Why Only Eating Egg Whites Isn’t Helping Your Health

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egg whitesAlright. Today there is something I just need to get off my chest. It is something that really grinds my gears, you know? I simply can’t believe that certain doctors and health experts are still peddling what I’m about to tell you as health advice. It makes me mad.

So…what am I talking about? I’m talking about the lie that eating egg yolks will increase your cholesterol and risk for heart disease. It is one of the biggest lies some doctors still believe to this day. And yet, some evidence actually suggests that the entire egg benefits your heart.

Go figure, right? But, it’s not your fault. It’s not even your doctor’s fault. See, you just eat egg whites because you were told to. But, I’m here to set the record straight.

The Truth about the Whole Egg and Cholesterol

It is true that eggs are high in cholesterol. In fact, one medium-sized egg contains about 62% of the recommended daily intake of cholesterol. However, according to scientific research, eating cholesterol might not increase your blood cholesterol levels at all.

Most people think of cholesterol as a negative word that is linked with heart disease, stroke, and possibly heart attacks. The truth is that cholesterol plays a crucial role for the health of the body. And without it, you and I wouldn’t even exist. Basically, good ol’ cholesterol is part of every single cell membrane. And it is used to make steroid hormones in the body like cortisol, estrogen, and testosterone.

Given how important cholesterol is, the body always makes sure there’s enough. Since getting cholesterol from the diet isn’t always possible, the liver will produce cholesterol to compensate. However, when we do eat lots of cholesterol-rich foods like eggs, the liver will simply produce less. Our body is one incredible, fine-tuned machine, isn’t it?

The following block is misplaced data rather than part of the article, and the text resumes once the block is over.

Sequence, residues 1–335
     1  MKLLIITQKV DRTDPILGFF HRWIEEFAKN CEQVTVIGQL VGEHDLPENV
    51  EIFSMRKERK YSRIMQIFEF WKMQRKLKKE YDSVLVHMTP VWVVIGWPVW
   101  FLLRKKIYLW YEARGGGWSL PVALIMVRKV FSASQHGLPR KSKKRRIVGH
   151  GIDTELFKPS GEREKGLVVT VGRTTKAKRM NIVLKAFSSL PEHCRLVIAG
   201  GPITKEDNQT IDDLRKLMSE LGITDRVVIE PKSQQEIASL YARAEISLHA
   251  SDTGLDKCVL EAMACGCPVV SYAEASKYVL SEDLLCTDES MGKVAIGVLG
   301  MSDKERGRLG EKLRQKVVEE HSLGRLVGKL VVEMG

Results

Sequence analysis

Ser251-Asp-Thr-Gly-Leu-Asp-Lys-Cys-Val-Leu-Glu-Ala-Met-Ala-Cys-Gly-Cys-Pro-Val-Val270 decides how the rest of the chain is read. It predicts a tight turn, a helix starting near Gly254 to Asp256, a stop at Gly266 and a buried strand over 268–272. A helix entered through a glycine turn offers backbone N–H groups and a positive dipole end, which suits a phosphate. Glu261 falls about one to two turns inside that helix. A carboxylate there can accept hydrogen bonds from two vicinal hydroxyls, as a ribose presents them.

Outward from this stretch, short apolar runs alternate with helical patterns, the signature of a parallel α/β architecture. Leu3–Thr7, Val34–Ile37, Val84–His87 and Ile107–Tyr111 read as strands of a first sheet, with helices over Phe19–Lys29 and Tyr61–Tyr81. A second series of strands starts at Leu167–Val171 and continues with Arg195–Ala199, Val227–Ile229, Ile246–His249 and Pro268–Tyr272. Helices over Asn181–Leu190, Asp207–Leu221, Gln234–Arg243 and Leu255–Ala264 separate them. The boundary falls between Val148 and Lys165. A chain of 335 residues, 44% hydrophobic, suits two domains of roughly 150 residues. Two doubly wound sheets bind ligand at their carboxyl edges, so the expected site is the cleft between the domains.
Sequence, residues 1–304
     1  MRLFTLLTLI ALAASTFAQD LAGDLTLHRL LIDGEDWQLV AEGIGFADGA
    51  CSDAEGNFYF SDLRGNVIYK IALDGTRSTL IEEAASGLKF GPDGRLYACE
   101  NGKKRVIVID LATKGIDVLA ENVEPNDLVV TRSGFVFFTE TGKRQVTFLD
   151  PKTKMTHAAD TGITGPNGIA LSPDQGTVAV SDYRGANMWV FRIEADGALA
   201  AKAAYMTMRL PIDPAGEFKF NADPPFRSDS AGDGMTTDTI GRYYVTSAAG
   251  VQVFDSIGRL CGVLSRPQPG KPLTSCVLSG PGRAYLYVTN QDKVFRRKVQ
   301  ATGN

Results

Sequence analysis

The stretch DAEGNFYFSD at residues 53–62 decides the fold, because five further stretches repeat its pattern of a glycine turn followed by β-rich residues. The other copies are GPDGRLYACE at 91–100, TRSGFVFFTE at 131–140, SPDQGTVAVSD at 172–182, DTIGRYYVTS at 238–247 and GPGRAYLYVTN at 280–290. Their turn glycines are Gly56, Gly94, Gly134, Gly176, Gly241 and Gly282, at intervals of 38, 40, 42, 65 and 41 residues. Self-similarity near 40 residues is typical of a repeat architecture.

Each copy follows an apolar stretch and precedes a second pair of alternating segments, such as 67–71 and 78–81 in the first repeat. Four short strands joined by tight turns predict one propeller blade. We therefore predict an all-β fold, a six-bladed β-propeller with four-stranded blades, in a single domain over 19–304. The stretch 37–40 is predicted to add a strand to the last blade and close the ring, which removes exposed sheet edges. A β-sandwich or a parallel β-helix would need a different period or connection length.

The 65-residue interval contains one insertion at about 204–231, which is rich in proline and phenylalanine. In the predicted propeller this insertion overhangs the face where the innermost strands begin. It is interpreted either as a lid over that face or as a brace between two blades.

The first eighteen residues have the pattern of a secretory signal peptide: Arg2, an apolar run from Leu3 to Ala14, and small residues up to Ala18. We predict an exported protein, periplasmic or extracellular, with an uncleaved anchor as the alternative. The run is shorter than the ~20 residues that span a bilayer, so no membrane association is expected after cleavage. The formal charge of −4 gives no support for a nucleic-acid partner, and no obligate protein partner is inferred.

So, really, the total cholesterol in the body changes very little, if at all, when you get cholesterol from the diet rather than the liver.

How Often Should You Eat the Whole Egg?

When it comes to eggs, some have recommended a maximum of two to six egg yolks every week. That being said, there really isn’t much to support that bit of advice. Actually, multiple studies suggest that eating one to three whole eggs per day will, in fact, increase the HDL (high-density lipoprotein), or “good” cholesterol. While most of the time, the total cholesterol and LDL (low-density lipoprotein), or “bad” cholesterol, won’t change at all. At the same time, eating eggs enriched with omega-3 could lower blood triglycerides—another heart disease risk factor.

Studies, such as a 2013 meta-analysis of eight research articles published in the BMJ, have even indicated that high egg consumption is not associated with increased risk of stroke or coronary heart disease. On the other hand, having low cholesterol has been linked with dementia, Alzheimer’s disease, depression, suicide, and more. Low total cholesterol, formerly thought to be protective against heart disease, is even associated with a higher risk of death in women.

Egg Yolks vs. Egg Whites

And, let’s not forget that egg yolks are more than just high in cholesterol. From a nutritional standpoint, it just doesn’t add up why you would ignore the yolk. The egg yolk reigns supreme over the egg white in nearly every category. The egg white contains more protein, and that’s basically it.

But the yolk, in addition to the cholesterol, contains almost as much protein, as well as higher amounts of phosphorus, zinc, folate, vitamin A, vitamin D, choline, vitamin B12, and antioxidants like lutein and zeaxanthin. Biotin is also found in the egg yolks, and not the whites. When you discard the yolks, the egg whites may actually deplete the effects of B vitamins and possibly cause biotin deficiency.

Eat the Right Type of Egg

All yolks aside, the type of egg you consume does matter a lot, too. I purchase pasture-raised, organic eggs from my local farmer. These come from chickens that haven’t been given arsenic, antibiotics, or growth hormones. Organic hens are also fed certified organic grain that is non-GMO, or not genetically modified. If you get your eggs from your local farmer’s market, chat with the farmer about how their chickens are raised and whether they have true access to the outdoors.

I’ll finish with this: The nutritional profile of pastured-raised, organic eggs is just too impressive to ignore. And, not only do eggs NOT increase cholesterol, but they also benefit HDL cholesterol. Alternately, having cholesterol that is too low can lead to a cluster of health problems. In summary, eat the whole egg, even the yolk!

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